Still no action on the Hermosa Creek Watershed Protection Act

August 25, 2014
Hermosa Park

Hermosa Park

From The Denver Post (Scott Willoughby):

Coloradans, perhaps better than anyone, understand and appreciate just how special the wilderness can be. And as connoisseurs of the outdoors, they recognize there are not only wild places, but there are best wild places.

These are the places that inspire — some acknowledged and held sacred, others that have managed to remain under the radar. Others still find themselves perched in a sort of purgatory somewhere in between.

Hermosa Creek, in the San Juan National forest just north of Durango, might qualify among those in-betweeners. To Durango locals, the drainage that translates to “beautiful” creek epitomizes the Colorado outdoor experience, and they’d like to see it remain that way. But those who don’t frequent the Four Corners region may not be aware of all that this hidden gem has to offer.

Count the majority of U.S. Congress among that latter group. For more than a year now, a bipartisan bill known as the Hermosa Creek Watershed Protection Act has languished in the legislative branch of our federal government as a consensus of local stakeholders await acknowledgment of efforts to preserve the attributes that make the place so special.

“The primary thing the bill does is it takes the basin and protects it exactly as it is today,” said Ty Churchwell, backcountry coordinator for Trout Unlimited’s Sportsmen’s Conservation Project. “This bill is completely supported by consensus from all stakeholders — everyone from county commissioners and town boards to sportsmen, miners, mountain bikers and motorized users. There’s nothing for them to do in D.C. but vote it forward.”

Beyond its lush landscape and idyllic scenery, the beauty of Hermosa lies in its everyman outdoors appeal. The upper creek is a focal point of Colorado Parks and Wildlife’s Colorado River cutthroat reintroduction program, and the state’s largest unprotected roadless area remains a hunter’s paradise where trophy elk still die of old age. The 20-mile main trail along the creek corridor is a mountain biker’s mecca. The same trail is shared by a reasonable number of motorized users. Backpackers and horseback riders might cross the creek and make their way into a proposed 38,000-acre wilderness area a quarter mile away.

Overall, the bill would protect 108,000 acres through a series of special management areas, allowing for a variety of historic uses. It’s a one-of-a-kind proposal aimed at protecting an entire watershed as an intact, whole unit, rather than parts and pieces of it.

“When we started talking about protecting Hermosa as a river, the work group decided to look at this river basin as a whole ecological unit instead of just a river corridor,” Churchwell said. “That means that the boundaries for this protection are the ridge lines. Everything that flows out of this basin is included in the protection — the whole watershed. It’s the first time that we are aware of that there has ever been a protection bill that encompasses an entire watershed.”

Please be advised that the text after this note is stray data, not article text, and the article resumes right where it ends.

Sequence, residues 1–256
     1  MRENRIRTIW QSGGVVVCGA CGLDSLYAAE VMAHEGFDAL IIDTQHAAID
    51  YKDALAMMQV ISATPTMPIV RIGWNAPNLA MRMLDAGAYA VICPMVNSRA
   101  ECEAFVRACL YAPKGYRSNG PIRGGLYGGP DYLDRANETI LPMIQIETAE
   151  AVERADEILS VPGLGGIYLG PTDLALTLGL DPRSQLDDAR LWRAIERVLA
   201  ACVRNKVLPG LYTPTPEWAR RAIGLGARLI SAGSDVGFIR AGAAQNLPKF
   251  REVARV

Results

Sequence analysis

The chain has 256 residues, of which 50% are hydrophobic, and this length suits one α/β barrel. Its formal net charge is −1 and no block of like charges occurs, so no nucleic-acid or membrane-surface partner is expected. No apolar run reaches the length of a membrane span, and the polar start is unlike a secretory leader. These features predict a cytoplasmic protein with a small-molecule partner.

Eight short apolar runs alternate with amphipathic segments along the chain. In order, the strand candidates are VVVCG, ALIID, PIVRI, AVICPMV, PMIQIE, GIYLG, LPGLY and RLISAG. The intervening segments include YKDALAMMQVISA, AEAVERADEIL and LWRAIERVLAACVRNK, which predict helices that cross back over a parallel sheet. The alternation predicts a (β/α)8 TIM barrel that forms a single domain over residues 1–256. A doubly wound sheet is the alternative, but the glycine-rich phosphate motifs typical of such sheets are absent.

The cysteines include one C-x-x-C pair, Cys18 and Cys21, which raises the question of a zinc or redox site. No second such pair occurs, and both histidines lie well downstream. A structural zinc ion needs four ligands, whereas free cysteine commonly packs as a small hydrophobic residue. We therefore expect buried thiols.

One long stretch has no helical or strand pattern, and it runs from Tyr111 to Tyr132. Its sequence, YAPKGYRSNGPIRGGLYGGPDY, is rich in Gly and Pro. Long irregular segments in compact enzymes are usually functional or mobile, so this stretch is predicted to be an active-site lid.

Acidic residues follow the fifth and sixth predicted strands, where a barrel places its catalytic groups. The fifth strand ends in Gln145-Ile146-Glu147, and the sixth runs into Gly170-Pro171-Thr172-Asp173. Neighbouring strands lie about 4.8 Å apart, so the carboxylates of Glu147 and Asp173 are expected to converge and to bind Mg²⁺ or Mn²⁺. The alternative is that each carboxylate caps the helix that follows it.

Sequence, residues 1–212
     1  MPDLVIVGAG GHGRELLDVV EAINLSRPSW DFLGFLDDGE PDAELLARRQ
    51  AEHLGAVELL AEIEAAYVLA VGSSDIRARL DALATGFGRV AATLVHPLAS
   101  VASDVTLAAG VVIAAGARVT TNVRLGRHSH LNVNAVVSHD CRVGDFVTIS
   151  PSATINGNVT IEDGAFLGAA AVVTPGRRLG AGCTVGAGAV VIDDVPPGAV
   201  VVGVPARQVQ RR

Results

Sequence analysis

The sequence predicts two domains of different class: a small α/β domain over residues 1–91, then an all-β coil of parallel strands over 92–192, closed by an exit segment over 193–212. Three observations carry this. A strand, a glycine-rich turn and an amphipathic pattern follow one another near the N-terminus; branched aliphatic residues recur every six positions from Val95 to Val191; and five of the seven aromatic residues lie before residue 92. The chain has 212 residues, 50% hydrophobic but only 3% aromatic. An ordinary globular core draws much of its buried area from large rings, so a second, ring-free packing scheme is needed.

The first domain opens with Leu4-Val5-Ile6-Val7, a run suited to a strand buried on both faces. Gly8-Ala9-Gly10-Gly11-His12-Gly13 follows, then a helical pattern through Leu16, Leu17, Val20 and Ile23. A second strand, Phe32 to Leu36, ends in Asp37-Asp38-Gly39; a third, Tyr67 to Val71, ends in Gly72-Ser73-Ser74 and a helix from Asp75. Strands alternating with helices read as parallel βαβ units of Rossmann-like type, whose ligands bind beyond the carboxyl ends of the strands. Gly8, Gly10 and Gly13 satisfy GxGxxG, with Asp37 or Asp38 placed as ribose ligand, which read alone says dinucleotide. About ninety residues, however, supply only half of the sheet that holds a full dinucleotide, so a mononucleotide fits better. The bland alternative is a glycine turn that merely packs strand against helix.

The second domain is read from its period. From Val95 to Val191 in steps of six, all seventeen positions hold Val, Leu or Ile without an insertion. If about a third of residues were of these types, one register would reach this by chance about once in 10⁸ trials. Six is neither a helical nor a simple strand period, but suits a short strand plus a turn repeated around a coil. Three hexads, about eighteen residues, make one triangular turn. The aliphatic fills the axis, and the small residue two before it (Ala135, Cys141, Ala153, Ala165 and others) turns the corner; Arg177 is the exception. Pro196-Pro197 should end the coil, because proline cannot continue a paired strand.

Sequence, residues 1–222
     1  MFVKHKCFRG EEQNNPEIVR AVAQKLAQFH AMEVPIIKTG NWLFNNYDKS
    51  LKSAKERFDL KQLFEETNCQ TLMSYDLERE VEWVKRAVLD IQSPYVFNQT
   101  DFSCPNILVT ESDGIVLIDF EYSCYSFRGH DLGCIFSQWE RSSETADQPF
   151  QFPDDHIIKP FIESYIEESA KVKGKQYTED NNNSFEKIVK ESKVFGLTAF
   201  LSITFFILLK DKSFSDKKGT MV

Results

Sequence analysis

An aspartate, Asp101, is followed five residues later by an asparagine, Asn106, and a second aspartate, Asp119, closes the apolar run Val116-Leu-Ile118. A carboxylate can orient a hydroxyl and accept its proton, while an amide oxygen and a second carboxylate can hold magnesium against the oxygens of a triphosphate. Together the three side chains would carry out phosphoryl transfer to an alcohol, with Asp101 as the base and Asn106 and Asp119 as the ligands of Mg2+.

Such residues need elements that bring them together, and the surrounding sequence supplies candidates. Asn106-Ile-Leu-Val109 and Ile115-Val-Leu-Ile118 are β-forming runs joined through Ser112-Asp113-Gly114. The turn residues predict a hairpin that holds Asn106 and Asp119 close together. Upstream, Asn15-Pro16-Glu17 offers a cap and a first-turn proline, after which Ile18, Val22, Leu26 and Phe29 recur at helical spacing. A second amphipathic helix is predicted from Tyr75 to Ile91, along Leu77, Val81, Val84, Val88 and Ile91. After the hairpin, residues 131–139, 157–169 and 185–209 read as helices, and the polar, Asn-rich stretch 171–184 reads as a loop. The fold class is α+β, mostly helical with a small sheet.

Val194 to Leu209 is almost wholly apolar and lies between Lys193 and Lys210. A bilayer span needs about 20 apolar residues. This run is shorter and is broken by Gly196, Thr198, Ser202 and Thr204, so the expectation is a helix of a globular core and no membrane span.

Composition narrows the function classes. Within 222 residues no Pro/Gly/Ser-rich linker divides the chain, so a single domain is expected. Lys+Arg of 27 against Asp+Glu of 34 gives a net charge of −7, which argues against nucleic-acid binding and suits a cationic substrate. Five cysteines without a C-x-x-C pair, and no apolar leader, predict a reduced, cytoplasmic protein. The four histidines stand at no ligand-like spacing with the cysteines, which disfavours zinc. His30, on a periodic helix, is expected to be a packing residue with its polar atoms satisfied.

As a result, a coalition of sportsmen’s conservation groups, guides and outfitters, fly shops and retailers, have united with local government entities in support of protecting this public land deemed vital to America’s hunting and fishing traditions and values.

“Hermosa Creek and the backcountry lands that flank its banks are among the special places that hunters and anglers in Colorado and across the region see as crucial to protect for the good of sportsmen, the environment and the sustainability of area businesses,” said John Gale, the Colorado-based manager of the National Wildlife Federation’s sportsmen’s outreach.

Should a portion of the drainage receive federal Wilderness designation this year, it will mark the 50th anniversary of the Wilderness Act of 1964 as only the second wilderness area recognized by Congress since 2009.

More Hermosa Creek watershed coverage here and here.


Volunteers needed for Hermosa Creek cutthroat restoration effort Saturday

July 11, 2014

From The Durango Herald:

The Five Rivers chapter of Trout Unlimited is soliciting volunteers to help with a cutthroat trout restoration project Saturday on Hermosa Creek behind Purgatory.

The work involves restoring disturbed areas around the fish barrier built last fall on the East Fork of Hermosa Creek. Volunteers also will breach beaver dams and perhaps install “beaver deceiver” devices to stabilize flows.

While cutthroat thrive on the upper end of the East Fork, non-native species have taken hold in the lower end and in other Hermosa Creek tributaries.

Beaver dams harbor refuges for non-native species.

Volunteers should meet at 9 a.m. at the bottom of Forest Service Road 578, which leads into the Hermosa Valley behind Purgatory.

Information is available from Buck Skillen at 382-8248 or Glenn May at 570-9088.

More Hermosa Creek watershed coverage here and here.


Lake Nighthorse: No recreation plan yet, no recreation this season

June 29, 2014
Lake Nighthorse via the USBR

Lake Nighthorse via the USBR

From The Durango Herald (Sarah Mueller):